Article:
Though seemingly random, these interruptions work to give the larger context in which Emily’s kidnapping is occurring: a world already so overwhelmed by chaos that even her desperate pleas are often drowned out by all the noise. In addition, the annoyance and eventual callousness with which Joe reacts to these calls serve to illustrate his singular focus on Emily’s plight.

Beyond that, the movie is an exhilarating ride from start to finish, even though our only glimpses into the outside world are the unnatural orange haze looming over the horizon outside the windows and the occasional news footage of wildfires on the office’s television screens. Indeed, the film is so acutely focused on Joe’s inner turmoil and outward frustration that we jump at his outbursts of anger and our stomachs turn as he turns to increasingly questionable means to accomplish his mission.

The film hones in on Officer Baylors anxiety-ridden and tumultuously unstable psyche, leading us to question the true source of his inner turmoil

All this angst and desperation comes to a head when Joe realizes the full truth of the situation that he assumed he understood. With this realization comes revelations about the source of Joe’s anxiety and his true motivation for pursuing this case so ardently. It all culminates with a final conversation between Joe and Emily that had me in tears, where both the characters are forced to grapple with the reality of their situations.

However, just when the movie seems to be committing to the starkness of that revealed reality, it gives us additional revelations that were most certainly included to make this film more appealing to mainstream audiences. It also tries too hard at the end to give Joe his hero moment for his work to save Emily, with a painfully on-the-nose line from his chief about “broken people” that undoes whatever impact the film is attempting to have.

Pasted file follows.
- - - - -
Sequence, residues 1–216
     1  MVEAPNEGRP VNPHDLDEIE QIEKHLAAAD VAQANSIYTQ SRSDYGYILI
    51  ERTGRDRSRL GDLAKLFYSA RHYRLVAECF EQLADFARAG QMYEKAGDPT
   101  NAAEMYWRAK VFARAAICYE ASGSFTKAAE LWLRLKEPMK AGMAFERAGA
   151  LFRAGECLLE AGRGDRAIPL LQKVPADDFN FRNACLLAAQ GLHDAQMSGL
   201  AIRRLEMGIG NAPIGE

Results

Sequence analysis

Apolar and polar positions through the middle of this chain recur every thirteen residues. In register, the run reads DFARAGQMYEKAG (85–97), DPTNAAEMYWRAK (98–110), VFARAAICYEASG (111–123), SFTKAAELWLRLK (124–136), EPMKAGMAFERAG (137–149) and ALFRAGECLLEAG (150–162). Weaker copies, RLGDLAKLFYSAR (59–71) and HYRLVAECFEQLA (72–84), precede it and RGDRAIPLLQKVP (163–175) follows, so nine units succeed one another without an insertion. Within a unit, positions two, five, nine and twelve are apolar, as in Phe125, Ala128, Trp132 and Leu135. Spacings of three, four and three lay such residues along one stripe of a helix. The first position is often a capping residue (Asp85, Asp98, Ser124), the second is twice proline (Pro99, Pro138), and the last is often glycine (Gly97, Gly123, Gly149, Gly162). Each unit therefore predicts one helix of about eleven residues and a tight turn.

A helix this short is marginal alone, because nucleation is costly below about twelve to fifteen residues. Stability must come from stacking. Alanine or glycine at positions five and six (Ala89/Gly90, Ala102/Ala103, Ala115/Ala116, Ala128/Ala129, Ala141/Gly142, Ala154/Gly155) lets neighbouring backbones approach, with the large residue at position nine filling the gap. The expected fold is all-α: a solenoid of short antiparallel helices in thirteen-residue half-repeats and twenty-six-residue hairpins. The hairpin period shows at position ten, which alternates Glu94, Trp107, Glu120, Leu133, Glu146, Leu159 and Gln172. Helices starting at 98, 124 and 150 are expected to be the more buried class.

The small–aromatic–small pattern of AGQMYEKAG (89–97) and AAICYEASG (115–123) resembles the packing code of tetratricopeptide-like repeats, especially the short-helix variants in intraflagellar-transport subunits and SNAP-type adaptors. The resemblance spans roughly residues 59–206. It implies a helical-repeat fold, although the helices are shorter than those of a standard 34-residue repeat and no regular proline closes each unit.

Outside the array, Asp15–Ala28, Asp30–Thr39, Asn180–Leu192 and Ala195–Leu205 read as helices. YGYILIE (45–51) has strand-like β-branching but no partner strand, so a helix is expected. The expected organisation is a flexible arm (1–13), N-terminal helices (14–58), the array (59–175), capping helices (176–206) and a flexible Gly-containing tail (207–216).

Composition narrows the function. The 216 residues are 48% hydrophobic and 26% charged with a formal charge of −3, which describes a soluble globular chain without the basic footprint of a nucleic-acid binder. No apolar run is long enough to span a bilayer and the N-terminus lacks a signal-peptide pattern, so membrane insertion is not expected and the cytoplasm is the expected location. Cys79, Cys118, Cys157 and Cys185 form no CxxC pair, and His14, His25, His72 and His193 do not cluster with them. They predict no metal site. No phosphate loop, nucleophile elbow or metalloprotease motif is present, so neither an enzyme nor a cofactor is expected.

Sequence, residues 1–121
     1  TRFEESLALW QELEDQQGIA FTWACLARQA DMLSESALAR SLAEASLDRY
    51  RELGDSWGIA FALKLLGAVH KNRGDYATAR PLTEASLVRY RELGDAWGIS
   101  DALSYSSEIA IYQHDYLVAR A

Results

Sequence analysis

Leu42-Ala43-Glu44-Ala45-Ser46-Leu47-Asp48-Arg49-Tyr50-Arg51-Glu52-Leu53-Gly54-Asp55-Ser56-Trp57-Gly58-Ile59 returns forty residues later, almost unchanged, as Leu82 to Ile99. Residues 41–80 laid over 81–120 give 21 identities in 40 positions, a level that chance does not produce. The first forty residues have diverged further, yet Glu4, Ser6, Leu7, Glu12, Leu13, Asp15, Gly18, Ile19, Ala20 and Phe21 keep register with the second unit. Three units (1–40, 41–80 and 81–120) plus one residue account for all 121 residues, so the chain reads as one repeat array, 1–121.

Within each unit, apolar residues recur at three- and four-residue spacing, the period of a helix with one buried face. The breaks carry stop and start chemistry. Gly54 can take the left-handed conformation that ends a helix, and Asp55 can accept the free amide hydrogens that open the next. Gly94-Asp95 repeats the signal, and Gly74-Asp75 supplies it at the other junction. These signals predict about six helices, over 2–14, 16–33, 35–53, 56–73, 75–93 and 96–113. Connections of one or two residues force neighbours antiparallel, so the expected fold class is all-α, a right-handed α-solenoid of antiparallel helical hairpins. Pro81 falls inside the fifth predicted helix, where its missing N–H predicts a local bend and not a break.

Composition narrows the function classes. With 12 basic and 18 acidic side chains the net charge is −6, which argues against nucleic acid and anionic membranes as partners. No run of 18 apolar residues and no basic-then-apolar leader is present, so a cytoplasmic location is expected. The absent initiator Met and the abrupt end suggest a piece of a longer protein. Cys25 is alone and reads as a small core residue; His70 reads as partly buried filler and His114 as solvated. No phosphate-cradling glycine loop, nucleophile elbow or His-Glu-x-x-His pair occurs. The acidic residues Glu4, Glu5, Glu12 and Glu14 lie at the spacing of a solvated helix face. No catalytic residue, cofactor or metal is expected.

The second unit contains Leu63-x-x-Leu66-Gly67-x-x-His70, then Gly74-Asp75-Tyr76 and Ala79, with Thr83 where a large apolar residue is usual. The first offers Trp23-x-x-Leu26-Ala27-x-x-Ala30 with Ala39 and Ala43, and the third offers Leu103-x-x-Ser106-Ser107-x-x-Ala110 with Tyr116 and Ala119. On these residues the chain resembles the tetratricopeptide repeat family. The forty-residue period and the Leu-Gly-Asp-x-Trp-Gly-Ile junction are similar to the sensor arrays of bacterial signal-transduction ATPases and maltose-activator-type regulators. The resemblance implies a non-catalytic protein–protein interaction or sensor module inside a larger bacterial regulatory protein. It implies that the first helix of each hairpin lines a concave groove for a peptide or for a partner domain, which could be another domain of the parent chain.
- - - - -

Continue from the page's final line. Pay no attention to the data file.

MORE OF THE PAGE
As far as I know, this ending deviates somewhat from that of the original, which committed fully to some of its darker plot elements (specifically regarding both Emily’s children and Joe’s past). While the remake’s altered ending left me feeling slightly more hopeful about the whole situation, aspects of that hope felt disingenuous and a little too convenient to believe. Though the ending is somewhat saved by a final scene that gives Joe’ an actual moment of character growth, those changes nevertheless result in the muddled finale that lacks the full impact it could have had.

All that said, “The Guilty” features some of Fuqua’s most subtle directorial work, a captivating performance by Gyllenhaal, and an edge-of-your-seat, well-crafted story with more to it than you’d first expect. The ending aside, I would highly recommend this film to anyone looking for an exhilarating, engaging thriller with some unexpected twists.

“The Guilty” is now available to stream on Netflix.

Ben Hiett is an Advanced Biblical & Ministry Studies graduate student and the Arts and Entertainment Editor for Cedars. When he’s not pretending to study, he loves watching movies, looking them up on Wikipedia afterward and hanging with the boys.